Investment practice and regulation need to be changed to prioritize income security over capital gain, and communication needs to focus on variables the saver understands and give a clearer idea of the likelihood of reaching a given income target rather than emphasize investment returns.
Corporate America really started to take notice of pensions in the wake of the dot-com crash, in 2000. Interest rates and stock prices both plummeted, which meant that the value of pension liabilities rose while the value of the assets held to meet them fell. A number of major firms in weak industries, notably steel and airlines, went bankrupt in large measure because of their inability to meet their obligations under defined-benefit pension plans.
The result was an acceleration of America’s shift away from defined-benefit (DB) pensions toward defined-contribution (DC) retirement plans, which transfer the investment risk from the company to the employee. Once an add-on to traditional retirement planning, DC plans—epitomized by the ubiquitous 401(k)—have now become the main vehicles for private retirement saving.
But although the move to defined-contribution plans arguably reduces the liabilities of business, it has, if anything, increased the likelihood of a major crisis down the line as the baby boomers retire. To begin with, putting relatively complex investment decisions in the hands of individuals with little or no financial expertise is problematic. Research demonstrates that decision making is pervaded with behavioral biases. (To some extent, biases can be compensated for by appropriately framing choices. For example, making enrollment in a 401(k) plan the default option—employees must opt out rather than opt in—has materially increased the rate of enrollment in the plans.)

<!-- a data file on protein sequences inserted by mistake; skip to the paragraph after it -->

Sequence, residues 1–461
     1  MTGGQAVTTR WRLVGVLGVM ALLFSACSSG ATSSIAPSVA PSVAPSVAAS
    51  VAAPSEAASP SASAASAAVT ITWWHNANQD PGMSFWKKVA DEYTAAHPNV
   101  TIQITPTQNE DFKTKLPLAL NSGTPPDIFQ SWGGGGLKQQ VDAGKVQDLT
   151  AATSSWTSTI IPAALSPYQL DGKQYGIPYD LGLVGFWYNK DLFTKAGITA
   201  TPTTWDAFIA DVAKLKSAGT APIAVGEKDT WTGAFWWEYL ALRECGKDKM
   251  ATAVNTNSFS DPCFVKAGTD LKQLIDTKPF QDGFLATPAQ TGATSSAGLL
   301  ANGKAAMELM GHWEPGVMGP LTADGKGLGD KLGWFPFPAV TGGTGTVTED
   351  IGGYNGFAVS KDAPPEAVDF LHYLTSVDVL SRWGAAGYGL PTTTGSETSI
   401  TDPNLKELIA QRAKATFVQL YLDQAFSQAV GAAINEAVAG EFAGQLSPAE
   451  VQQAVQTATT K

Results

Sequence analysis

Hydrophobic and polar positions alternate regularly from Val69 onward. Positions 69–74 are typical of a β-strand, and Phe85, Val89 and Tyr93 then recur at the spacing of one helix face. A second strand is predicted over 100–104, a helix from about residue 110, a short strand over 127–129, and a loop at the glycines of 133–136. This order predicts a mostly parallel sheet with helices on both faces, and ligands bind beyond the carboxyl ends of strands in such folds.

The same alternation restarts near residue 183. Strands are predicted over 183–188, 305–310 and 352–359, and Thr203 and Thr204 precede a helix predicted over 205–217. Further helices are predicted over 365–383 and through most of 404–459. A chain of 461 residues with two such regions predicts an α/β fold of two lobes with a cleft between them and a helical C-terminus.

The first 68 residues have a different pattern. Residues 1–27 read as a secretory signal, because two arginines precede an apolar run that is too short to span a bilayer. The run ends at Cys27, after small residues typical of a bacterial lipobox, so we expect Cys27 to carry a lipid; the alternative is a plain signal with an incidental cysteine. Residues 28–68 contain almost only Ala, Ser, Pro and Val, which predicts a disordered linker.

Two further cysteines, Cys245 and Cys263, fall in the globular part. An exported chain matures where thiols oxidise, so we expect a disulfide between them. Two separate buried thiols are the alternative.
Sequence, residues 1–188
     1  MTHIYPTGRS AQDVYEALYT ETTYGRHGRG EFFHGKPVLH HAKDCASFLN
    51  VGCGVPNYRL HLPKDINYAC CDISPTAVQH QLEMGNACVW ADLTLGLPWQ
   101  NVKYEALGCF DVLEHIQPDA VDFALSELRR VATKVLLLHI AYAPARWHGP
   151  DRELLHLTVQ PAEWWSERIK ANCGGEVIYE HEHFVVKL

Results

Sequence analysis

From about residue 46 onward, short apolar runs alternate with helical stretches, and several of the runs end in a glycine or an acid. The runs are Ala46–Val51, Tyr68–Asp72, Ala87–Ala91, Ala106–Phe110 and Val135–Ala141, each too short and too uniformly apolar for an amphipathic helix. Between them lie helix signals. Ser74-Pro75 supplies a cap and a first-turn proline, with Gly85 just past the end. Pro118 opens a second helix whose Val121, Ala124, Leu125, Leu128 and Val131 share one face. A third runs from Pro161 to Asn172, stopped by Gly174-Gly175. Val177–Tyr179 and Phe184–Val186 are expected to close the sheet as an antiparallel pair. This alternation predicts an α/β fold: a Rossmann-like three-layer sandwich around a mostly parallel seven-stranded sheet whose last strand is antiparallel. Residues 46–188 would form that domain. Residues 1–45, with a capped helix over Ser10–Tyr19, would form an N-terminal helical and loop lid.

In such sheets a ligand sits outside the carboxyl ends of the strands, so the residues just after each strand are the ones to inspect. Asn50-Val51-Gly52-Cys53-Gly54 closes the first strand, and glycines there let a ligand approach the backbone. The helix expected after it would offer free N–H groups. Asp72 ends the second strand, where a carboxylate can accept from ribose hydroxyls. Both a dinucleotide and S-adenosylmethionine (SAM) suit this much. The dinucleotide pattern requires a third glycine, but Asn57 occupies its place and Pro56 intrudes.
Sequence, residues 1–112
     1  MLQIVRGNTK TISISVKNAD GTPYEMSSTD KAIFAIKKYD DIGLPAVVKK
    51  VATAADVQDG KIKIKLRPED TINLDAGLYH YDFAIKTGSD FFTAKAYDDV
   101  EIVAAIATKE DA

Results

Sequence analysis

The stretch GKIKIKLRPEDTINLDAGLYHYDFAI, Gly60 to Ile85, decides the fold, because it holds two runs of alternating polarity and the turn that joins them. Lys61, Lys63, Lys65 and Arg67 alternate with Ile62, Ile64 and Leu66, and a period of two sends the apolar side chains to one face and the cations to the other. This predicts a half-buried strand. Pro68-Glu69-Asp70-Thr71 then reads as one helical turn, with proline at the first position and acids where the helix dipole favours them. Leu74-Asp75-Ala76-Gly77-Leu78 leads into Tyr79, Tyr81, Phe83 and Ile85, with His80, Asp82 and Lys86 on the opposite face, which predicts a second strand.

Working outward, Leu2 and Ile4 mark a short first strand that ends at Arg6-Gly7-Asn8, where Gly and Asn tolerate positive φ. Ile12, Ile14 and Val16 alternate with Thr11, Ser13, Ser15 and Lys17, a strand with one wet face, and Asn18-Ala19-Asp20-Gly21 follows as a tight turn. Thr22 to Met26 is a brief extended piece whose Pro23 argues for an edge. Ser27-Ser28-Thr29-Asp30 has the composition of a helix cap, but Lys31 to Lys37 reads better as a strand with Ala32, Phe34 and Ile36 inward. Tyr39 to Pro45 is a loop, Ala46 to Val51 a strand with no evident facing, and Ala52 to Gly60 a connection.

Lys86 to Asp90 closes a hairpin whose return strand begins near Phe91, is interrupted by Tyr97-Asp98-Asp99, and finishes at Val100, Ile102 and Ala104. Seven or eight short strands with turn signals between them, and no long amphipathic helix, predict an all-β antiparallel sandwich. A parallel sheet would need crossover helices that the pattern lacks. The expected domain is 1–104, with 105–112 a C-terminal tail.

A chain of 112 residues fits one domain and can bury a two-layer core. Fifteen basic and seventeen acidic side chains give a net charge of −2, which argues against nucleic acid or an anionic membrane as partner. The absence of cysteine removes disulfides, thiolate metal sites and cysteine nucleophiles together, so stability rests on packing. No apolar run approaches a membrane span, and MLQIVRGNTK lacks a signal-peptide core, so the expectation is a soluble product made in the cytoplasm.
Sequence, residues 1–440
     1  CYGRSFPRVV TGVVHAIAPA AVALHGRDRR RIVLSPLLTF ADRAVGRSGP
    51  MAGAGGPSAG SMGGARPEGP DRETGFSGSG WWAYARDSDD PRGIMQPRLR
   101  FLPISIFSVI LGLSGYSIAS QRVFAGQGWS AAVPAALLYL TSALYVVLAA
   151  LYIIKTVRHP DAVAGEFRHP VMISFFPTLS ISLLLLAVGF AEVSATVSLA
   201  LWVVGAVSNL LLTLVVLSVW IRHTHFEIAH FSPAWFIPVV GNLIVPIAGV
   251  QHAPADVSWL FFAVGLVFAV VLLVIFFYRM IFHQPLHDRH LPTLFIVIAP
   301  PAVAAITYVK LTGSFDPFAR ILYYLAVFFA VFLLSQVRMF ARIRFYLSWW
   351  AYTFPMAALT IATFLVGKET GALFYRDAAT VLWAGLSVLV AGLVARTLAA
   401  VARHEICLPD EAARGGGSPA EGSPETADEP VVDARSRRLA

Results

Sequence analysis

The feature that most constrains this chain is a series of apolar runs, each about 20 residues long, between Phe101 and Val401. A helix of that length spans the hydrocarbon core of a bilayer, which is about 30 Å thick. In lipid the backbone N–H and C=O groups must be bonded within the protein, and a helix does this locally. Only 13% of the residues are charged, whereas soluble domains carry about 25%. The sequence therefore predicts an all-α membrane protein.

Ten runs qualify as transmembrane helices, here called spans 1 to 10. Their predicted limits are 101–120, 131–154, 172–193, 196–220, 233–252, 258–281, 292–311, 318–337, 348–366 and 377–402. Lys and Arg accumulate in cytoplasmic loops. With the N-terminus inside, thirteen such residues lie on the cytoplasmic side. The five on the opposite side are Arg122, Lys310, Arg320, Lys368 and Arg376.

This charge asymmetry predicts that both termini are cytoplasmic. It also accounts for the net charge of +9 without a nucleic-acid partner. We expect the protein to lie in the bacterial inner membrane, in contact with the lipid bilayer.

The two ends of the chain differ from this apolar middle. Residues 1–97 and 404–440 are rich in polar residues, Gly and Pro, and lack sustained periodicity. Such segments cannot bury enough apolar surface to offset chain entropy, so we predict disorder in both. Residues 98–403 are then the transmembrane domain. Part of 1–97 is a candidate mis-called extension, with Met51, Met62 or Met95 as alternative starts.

More dangerous yet is the shift in focus away from retirement income to return on investment that has come with the introduction of saver-managed DC plans: Investment decisions are now focused on the value of the funds, the returns on investment they deliver, and how volatile those returns are. Yet the primary concern of the saver remains what it always has been: Will I have sufficient income in retirement to live comfortably? Clearly, the risk and return variables that now drive investment decisions are not being measured in units that correspond to savers’ retirement goals and their likelihood of meeting them. Thus, it cannot be said that savers’ funds are being well managed.